We’ve all come across Force Majeure clauses in contracts and probably not really given them a second thought. Earlier this year the ‘beast from the east’ gave many people a bit of a wake up call and last weekend’s hottest London Marathon ever proved that it’s not only wet and cold weather that we should be concerned about, but in many ways, extreme weather is the last thing we should fret over when it comes to Force Majeure clauses as it may never happen.
In contrast, everyone dies – even the Royal Family – and most Force Majeure clauses will include National Mourning. Do YOU have a plan in place for how you will respond when The Queen dies? Very few people who are still working will recall life before she took the throne and when we consider the 24-hour news cycle that’s come about during her reign and the advent of social media, there is no precedent for how quickly the news will spread or for how businesses should respond when this happens. If you’re sat in your office late one evening, the night before a big event, and a BBC News Alert pings up on your phone, do you have a policy in place for whether your event will go ahead? For who will make the decision? For how you will communicate whatever your decision is?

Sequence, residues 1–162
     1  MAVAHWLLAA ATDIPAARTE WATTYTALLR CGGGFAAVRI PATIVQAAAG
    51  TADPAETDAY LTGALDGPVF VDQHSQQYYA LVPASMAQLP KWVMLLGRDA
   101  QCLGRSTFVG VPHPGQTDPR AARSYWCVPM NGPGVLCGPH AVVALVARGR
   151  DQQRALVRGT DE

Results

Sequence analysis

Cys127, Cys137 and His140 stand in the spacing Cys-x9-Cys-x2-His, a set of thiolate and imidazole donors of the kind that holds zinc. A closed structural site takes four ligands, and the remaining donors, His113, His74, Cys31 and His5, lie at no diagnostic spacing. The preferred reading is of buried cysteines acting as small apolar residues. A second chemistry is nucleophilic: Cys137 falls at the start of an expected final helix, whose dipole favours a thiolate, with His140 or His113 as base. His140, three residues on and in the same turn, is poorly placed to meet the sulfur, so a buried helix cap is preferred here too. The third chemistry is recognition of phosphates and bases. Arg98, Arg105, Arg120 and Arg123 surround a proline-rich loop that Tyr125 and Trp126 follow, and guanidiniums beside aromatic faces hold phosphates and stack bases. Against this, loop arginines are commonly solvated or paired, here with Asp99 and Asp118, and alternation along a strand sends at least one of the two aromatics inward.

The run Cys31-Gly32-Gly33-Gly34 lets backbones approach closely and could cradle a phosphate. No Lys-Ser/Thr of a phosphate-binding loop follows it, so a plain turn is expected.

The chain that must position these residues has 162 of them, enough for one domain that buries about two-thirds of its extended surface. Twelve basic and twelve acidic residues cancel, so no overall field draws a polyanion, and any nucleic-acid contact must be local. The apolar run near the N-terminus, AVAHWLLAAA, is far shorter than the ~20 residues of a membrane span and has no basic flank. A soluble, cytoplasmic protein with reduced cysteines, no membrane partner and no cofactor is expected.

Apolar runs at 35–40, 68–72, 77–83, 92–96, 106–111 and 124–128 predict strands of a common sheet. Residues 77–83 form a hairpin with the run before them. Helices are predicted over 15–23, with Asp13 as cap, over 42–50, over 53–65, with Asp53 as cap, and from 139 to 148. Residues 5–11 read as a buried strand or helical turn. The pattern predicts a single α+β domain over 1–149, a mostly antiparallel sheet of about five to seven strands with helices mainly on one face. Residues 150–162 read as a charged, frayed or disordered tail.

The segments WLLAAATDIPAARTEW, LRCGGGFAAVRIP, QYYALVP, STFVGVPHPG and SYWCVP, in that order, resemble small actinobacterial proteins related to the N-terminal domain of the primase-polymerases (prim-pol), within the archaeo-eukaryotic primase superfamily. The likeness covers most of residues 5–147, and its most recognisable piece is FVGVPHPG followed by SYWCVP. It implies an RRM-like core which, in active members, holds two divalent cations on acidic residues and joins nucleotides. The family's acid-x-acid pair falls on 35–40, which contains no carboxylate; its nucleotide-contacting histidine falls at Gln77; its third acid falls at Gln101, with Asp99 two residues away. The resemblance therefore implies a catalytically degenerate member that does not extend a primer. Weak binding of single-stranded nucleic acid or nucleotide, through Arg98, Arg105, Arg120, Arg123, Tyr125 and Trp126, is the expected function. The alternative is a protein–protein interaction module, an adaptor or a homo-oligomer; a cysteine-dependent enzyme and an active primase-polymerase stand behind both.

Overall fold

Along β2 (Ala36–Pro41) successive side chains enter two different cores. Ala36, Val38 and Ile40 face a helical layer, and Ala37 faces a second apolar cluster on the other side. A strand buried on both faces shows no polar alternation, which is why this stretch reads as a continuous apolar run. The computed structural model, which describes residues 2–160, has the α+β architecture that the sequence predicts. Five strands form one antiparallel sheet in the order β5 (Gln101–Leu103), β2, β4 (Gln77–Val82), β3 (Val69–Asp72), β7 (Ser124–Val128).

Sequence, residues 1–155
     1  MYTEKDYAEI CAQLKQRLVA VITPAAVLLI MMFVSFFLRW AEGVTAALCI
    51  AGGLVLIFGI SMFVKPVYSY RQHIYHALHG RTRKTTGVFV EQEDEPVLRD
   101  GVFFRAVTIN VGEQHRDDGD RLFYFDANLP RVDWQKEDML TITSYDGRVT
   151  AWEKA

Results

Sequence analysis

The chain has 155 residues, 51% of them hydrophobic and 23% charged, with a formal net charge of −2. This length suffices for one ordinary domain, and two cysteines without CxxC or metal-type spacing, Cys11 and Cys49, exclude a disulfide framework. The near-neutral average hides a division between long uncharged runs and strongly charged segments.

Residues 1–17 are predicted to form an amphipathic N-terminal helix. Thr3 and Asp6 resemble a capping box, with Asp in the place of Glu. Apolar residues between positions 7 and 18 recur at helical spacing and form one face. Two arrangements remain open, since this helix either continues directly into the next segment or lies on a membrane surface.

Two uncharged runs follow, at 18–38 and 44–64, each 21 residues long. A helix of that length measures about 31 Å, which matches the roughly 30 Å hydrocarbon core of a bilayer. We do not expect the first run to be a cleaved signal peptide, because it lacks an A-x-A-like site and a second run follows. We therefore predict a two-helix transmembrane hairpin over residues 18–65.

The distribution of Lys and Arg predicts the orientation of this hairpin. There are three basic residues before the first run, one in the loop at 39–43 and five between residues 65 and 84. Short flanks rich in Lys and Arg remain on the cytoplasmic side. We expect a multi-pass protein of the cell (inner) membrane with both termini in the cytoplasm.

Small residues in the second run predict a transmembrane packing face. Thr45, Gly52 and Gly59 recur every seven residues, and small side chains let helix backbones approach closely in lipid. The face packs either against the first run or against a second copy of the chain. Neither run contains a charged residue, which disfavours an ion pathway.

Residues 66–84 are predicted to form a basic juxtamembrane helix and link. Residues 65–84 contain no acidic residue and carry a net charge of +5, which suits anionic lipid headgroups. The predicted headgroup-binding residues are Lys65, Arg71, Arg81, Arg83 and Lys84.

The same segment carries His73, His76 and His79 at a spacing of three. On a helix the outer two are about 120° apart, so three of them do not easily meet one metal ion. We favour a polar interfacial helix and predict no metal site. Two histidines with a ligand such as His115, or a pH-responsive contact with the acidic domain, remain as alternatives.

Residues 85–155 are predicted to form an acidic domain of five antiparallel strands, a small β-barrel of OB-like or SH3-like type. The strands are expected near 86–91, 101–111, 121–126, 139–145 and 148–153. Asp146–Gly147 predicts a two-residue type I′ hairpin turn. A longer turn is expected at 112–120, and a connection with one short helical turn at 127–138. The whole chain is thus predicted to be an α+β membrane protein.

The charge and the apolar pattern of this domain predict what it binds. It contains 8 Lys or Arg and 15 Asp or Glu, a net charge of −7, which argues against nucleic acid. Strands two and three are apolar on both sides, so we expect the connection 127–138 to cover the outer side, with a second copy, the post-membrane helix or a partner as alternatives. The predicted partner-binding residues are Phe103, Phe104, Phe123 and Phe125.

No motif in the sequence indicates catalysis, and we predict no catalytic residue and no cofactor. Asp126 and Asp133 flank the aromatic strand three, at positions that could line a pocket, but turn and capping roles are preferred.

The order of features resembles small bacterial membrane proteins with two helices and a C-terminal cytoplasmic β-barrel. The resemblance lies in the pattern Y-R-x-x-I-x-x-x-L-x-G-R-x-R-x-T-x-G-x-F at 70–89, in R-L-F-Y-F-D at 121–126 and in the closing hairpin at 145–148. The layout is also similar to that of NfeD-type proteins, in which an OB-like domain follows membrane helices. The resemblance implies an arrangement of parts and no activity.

There is no one-size-fits-all approach to establishing your response – it will depend on your event, your audience, your stakeholders and many other unique factors – but for something that we know will happen SOMETIME, isn’t it crazy not to have a policy in place and save yourself a lot of stress and frantic phone calls when it happens?